At a later point in the mission, we had a whole week of poor weather and lacked sufficient fuel for our back-up generators. That was a very cold, dark week where we had to get by on dried fruit and nuts, cereal and cereal bars, and other foods that didn’t require cooking. If we did heat water, we would coordinate with others so that we only had to run the kettle once or twice. Instant foods tend to be high in sodium, have a lot of wheat filler, and are generally not as tasty as what we could prepare ourselves. We were very happy when the sun started shining on us again and we could return to cooking.
Eating a freshly prepared, home-cooked meal every night and only cooking once a week was a luxurious arrangement. We ate well in the dome, and our best memories from those eight months involve special food that we made, though that doesn’t mean we weren’t excited when we got out and were able to eat all the things we’d been missing.
About the authors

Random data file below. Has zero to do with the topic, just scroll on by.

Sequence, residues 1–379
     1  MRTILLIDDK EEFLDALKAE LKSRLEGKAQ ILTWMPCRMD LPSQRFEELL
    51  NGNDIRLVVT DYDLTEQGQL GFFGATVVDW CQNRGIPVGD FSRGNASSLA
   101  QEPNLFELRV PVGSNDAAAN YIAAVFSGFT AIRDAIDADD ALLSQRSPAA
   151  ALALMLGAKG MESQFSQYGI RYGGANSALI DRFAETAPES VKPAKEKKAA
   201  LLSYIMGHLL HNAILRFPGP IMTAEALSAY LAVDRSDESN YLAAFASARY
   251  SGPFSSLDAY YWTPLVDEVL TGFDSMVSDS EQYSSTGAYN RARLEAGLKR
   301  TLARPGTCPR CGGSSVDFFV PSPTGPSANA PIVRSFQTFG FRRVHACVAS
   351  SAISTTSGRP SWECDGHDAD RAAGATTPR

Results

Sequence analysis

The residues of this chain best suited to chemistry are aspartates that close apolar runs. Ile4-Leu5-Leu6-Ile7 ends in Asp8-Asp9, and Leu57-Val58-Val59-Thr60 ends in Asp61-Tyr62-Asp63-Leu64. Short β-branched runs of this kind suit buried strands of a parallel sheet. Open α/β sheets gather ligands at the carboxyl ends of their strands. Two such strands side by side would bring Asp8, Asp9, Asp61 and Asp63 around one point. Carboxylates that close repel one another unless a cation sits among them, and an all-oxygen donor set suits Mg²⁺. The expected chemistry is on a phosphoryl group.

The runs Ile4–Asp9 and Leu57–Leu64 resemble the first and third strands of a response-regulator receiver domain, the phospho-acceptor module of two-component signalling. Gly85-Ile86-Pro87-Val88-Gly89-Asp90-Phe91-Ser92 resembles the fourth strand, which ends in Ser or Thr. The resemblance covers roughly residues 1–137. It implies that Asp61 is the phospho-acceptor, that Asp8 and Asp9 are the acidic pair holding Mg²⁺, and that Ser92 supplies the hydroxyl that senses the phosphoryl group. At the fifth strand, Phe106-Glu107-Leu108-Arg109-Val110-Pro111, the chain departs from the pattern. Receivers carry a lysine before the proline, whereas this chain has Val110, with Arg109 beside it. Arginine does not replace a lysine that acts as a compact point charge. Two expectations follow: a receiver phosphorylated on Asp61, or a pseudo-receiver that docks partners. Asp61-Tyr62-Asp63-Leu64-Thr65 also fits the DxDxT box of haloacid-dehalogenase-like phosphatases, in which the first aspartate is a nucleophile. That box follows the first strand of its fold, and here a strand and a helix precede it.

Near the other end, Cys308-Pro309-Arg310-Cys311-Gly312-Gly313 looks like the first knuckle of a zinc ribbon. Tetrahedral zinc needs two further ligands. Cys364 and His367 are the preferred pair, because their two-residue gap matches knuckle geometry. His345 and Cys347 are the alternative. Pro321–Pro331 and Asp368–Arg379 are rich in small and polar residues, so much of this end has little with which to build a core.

Dr Martha Lenio runs Mars Green Consulting, a renewable energy and sustainability business in Ontario, Canada. In 2015 she commanded the third HI-SEAS mission, an eight-month simulation funded by NASA via the University of Hawaii at Manoa.
Sophie Milam, MEng, is a chemist and systems engineer for SVL Analytical Inc in Idaho, United States. She was Executive Officer for HI-SEAS mission III whilst also finishing her Master’s degree from the University of Idaho.
Zak Wilson was chief engineer of HI-SEAS mission III and is running a study titled ‘Remote Support of Additive Manufacturing on Martian Analogs’ during HI-SEAS mission V as a continuation of the 3D printing work he started during mission III.